FIG. 1C shows the seat 12a configured for a “slouch” or “slump” posture. The seat bottom 32a is translated yet further forward relative to the backshell 14a as compared to the “reclined” position. The bottom end of the seat back 34a is pulled farther forward along with the seat bottom 32a, and the upper end of the seat back 34a moves further down the surface of the backshell 14a. The front edge of the seat bottom 32a is lowered. This configuration allows the passenger to stretch out his or her body and legs, and makes it easier for the passenger to place his or her feet beneath the seat bottom of the seat mounted forward of the seat 12a.

FIG. 1D shows the seat 12a configured for a “side sleep” or “fetal” posture. In this configuration, the seat bottom 32a is translated forward and its front edge is lowered, and the seat back 34a is pivoted back as for the “slouch” posture. The seat back 34a is rotated about a line essentially parallel to the passenger's spine, thus creating a shoulder niche “N”. One of the support wings 44a of the seat bottom 32a is pivoted upward along the hinge line 46, depending on the direction the passenger wishes to turn. The head rest 36b about a generally longitudinal axis, causing the side of the headrest 36a towards the direction of the passenger's roll to be lowered towards the shoulder niche N. This position allows the passenger to stretch out vertically, creates a suitable shoulder resting area and headrest, supports the passenger's hips in the rotated position, and prevents the passenger from slipping down off of the seat 12a. The passenger may thus remain in the sleeping position without requiring any muscular activity. It is noted that the support wings 44 need not be hinged. Any structure with allows a portion of the seat bottom 32a to effectively lift upward to support the passenger's in a rotated position may be used. For example, the hinged support wings 44a may be replaced with cushions which can be selectively inflated to create an effectively raised support wing.

FIG. 1E shows the seat 12a configured for a “perching” posture as follows. The seat bottom 12a is translated backwards and rotated upwards into a raised position. In the raised position the back edge of the seat bottom 32a provides a surface for the passenger to prop against, much the same as sitting on a raised stool. As well as providing an alternative posture, the perch position may be used to facilitate ingress or egress between seat rows by substantially reducing the effective front-to-back length of the seat bottom 32a.

FIGS. 4-11 illustrate an example of how the internal construction of the seat 12a may be arranged. Referring to FIG. 11, The seat 12a includes a rigid bottom perimeter frame 48 which is connected to the rigid backshell 14a so that it can translate forwards and backwards with respect thereto, for example using slide rail assembly 50. The bottom perimeter frame 48 is covered by a flexible seat pan 52 (removed for clarity in FIG. 11) and a padded bottom cushion (not shown). The bottom perimeter frame 48 is attached to the main beam 18 so that its front end can be selectively raised and lowered to positions above or below horizontal, for example it may be allowed to rock on spaced apart bottom frame pivots 54 and 56.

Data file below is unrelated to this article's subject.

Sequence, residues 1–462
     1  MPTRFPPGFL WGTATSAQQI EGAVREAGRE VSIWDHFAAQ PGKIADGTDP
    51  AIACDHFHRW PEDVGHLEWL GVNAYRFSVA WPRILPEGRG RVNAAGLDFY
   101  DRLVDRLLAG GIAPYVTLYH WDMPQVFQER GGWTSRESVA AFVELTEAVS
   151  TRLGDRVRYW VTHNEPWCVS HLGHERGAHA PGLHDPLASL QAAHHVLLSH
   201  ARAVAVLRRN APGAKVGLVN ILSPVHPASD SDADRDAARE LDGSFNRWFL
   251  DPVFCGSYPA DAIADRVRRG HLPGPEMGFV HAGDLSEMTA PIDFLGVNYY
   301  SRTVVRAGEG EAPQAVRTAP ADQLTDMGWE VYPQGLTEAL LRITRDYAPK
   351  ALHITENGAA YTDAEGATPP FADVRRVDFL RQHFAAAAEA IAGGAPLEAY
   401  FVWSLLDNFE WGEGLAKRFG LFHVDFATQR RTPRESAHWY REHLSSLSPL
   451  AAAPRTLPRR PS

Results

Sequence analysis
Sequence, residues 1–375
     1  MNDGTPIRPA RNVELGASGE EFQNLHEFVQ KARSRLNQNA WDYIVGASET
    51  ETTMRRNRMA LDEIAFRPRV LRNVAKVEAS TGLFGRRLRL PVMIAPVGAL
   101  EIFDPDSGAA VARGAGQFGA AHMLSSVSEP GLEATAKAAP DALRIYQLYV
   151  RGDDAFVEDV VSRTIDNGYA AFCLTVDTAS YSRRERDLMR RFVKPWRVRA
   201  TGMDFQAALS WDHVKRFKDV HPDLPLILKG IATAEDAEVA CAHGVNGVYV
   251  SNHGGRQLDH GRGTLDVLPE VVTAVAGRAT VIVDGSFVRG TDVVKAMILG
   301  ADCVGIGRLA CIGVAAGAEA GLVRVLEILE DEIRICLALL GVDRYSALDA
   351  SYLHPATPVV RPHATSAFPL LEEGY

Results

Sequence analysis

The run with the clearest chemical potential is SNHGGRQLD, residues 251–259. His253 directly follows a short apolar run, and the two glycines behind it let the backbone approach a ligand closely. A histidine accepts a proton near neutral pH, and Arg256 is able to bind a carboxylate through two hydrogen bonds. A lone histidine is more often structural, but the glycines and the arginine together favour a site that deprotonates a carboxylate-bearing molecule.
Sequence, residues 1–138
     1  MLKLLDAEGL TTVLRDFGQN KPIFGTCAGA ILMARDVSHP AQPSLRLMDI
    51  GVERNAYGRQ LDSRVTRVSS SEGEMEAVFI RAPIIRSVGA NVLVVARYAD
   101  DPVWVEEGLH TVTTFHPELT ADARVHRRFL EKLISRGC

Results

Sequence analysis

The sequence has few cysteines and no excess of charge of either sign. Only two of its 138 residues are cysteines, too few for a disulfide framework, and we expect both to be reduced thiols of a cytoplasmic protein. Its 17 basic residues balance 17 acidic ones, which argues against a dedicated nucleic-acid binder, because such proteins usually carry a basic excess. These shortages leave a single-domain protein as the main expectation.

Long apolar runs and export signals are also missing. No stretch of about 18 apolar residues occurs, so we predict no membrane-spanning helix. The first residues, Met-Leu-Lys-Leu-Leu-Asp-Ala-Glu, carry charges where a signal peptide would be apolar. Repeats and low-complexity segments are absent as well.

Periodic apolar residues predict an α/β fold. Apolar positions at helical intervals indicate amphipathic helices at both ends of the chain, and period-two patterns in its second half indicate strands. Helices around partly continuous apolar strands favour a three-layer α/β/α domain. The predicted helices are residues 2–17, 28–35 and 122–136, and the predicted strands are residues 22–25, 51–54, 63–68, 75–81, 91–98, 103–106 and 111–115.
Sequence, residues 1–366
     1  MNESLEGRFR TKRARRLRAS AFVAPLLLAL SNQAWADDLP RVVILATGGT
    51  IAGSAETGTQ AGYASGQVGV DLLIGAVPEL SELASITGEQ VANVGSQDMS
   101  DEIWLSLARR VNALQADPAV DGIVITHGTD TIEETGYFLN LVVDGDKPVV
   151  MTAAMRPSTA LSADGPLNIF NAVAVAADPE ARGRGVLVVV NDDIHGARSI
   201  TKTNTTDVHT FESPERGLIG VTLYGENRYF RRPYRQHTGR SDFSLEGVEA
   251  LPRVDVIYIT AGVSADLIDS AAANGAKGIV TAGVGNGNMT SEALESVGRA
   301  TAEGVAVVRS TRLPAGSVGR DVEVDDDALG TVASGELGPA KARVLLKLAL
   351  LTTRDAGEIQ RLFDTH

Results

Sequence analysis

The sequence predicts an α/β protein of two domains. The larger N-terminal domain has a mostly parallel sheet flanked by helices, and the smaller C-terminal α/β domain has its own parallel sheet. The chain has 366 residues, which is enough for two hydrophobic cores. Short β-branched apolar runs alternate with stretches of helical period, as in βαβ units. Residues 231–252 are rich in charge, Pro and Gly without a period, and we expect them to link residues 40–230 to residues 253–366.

Referring to FIG. 6, the seat pan 52 includes a pair of angled hinge lines 58 defining a pair of flaps 60 and 60′ that form portions of the support wings 44a and 44a′. Each of the flaps 60 and 60′ overlies a left or right support lever 62 or 64, respectively. The support levers 62 and 64 can be individually pivoted to either a lowered position or a raised position (see FIG. 7), and there are provisions for maintaining the support levers 62 and 64 in the selected position. In the raised position, the selected flap 60 or 60′ is pivoted upward to support the passenger's hip and thigh as described above. The seat bottom 32a may also incorporate a front “waterfall” feature. Specifically, a portion of the front edge of the bottom perimeter frame 48 may be constructed so that it can be selectively folded downwards, thus allowing the seat pan 52 to curl downwards under the passenger's weight and reduce the effective front-to-back length of the seat bottom. In the illustrated example, a hinged lateral support bar 66 (see FIG. 11) is disposed between the support levers 62 and 64 and the front edge of the seat pan 52. Both support levers 62 and 64 may be pivoted downwards simultaneously along with the support bar 66.